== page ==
Hospital readmission rates carry a large price tag. A study this week published in the Dec. 15 issue of the New England Journal of Medicine linked regional rates of rehospitalizations and overall admission rates, concluding that the future of policy efforts should focus on reducing the incentives to use hospital services, rather than better coordination of care.
“Unplanned readmissions after hospitalization are costly and reflect suboptimal patient outcomes,” Arnold M. Epstein, MD, from the Harvard School of Public Health and Brigham and Women’s Hospital, both in Boston, and colleagues wrote. “Evidence of suboptimal care at hospital discharge and shortly thereafter has prompted clinical interventions to improve discharge planning, ensure timely follow-up and improve transitional care.”
While the focus has been to help thwart readmission with better disease management programs and better transitions of care, these types of clinical interventions may not be good enough, especially if they are not widespread.
Because there is a weak relationship between publicly reported measures of discharge planning and readmission rates, Epstein et al set out to assess the regional variation in readmission rates among patients hospitalized for congestive heart failure (CHF) or pneumonia to determine whether regional variations in readmission rates can be explained by variations in population-based rates of admission.
To do so, the researchers used 2008 Medicare data to calculate 30-day, 60-day and 90-day readmission rates for patients discharged with CHF or pneumonia for each referral region. Variations in hospital referral region rates were examined.
There were 306 hospital referral regions in the study. These referral regions included 4,432 hospitals and 234,477 hospital discharges between Jan. 1, 2008, and July 30, 2008, with a diagnosis of CHF and 4,497 hospitals and 237,025 discharges with a diagnosis of pneumonia.
The authors reported that readmission rates after an index hospitalization for CHF varied from 11 to 32 percent across referral regions. The rates for pneumonia varied from 8 to 27 percent across the referral regions. A hierarchical model showed that readmission rates ranged from 19 to 31 percent for CHF and from 13 to 24 percent for pneumonia.
The hospital referral regions in the highest quartile of readmission for CHF had an average readmission rate of 28 percent; those in the lowest quartile had an average readmission rate of 20 percent. Hospitals with higher readmission rates were more likely to be medium- or large-size hospitals, be located in the Northeast and be for-profit, private nonprofit, urban or academic hospitals. These hospitals also had higher numbers of female, black and Hispanic patients and lower rates of mortality.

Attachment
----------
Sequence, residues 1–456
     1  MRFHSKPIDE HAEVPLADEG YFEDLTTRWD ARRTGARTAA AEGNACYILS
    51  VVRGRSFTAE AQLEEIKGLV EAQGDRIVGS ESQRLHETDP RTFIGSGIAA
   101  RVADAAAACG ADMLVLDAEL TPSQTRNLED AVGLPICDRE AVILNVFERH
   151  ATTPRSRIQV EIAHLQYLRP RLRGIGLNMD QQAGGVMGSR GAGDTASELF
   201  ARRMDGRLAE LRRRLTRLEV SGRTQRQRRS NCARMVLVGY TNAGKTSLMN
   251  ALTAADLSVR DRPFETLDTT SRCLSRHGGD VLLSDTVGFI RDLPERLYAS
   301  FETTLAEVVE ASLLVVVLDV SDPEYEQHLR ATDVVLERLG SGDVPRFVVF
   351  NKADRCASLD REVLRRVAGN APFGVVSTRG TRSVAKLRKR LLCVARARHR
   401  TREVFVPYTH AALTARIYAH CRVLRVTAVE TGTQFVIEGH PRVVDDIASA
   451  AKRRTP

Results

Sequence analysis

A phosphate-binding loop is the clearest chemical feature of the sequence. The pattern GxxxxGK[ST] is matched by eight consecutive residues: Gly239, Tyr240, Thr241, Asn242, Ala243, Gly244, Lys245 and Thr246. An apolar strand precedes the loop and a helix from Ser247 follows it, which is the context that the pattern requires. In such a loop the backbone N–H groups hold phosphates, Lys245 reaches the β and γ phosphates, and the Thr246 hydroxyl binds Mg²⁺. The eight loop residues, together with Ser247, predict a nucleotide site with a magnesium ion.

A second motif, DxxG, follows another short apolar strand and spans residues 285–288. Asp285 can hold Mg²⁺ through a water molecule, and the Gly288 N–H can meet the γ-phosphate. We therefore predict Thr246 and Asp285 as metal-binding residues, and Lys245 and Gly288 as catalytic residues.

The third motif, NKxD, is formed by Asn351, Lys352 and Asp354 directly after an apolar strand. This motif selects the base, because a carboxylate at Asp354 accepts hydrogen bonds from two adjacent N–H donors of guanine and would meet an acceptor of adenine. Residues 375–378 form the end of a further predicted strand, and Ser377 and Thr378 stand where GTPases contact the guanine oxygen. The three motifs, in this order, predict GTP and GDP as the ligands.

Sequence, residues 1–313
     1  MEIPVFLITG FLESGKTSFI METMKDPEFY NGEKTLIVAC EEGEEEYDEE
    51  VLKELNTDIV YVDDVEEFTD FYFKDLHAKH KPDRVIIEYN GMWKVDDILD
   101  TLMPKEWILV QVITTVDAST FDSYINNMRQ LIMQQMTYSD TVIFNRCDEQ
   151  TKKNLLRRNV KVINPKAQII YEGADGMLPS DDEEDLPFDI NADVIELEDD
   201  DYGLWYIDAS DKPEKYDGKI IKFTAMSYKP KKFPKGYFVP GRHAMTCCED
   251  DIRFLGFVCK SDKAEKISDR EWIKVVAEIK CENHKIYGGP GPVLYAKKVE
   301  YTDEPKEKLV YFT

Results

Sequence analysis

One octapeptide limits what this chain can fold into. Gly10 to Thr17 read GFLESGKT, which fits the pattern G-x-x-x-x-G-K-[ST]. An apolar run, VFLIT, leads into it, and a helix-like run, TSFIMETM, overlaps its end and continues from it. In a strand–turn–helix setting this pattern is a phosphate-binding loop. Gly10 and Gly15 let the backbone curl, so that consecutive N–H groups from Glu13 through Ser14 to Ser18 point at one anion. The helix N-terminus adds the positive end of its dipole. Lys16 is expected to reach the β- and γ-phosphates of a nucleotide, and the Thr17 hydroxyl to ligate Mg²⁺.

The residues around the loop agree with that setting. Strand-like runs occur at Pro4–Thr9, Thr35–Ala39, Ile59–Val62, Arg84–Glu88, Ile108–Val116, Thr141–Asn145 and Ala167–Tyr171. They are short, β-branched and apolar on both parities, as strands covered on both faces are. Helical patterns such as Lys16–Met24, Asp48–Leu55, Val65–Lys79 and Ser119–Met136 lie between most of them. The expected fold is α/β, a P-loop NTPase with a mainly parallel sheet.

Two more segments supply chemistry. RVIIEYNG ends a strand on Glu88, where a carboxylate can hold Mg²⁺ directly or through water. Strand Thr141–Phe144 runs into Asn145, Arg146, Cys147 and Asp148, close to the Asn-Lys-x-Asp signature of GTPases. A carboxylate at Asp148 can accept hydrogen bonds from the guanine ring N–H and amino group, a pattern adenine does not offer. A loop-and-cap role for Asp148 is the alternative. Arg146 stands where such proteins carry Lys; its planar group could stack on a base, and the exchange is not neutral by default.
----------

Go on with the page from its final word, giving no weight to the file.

Those with the highest rates of CHF readmission had low performance on the HCAHPS (Hospital Care Quality Information from the Consumers Perspective) discharge planning metrics.
“Case mix, the number of cardiologists per 100,000 population, and discharge planning also explained a notable proportion of the variation in univariate analyses, although their explanatory potential diminished substantially in multivariable models,” the authors wrote.
The researchers estimated that each year there were nearly 115,568 readmissions within 30 days of patients being discharged from a CHF hospitalization and 84,854 readmissions among those who first presented at the hospital with pneumonia.
If hospitals in the highest quartile for readmissions reduced utilization rates to the rates in hospitals in the lowest quintile, CHF readmission rates could drop from 24.6 to 21.2 percent, eliminating 14 percent of these readmissions.
“The quality of transitional care is in need of substantial improvement: many elderly patients fail to receive any ambulatory care before readmission, and only a minority of primary care physicians report receiving key discharge information about their recently hospitalized patients,” the authors noted.
Due to this fact, policy makers have focused on transitions of care between the hospital and ambulatory care settings. While these efforts can reduce some admissions, it will become more important to focus on general use of hospital care, the authors claimed.
“In summary, we found a substantial association between regional rates of rehospitalization and overall admission rates,” the authors concluded.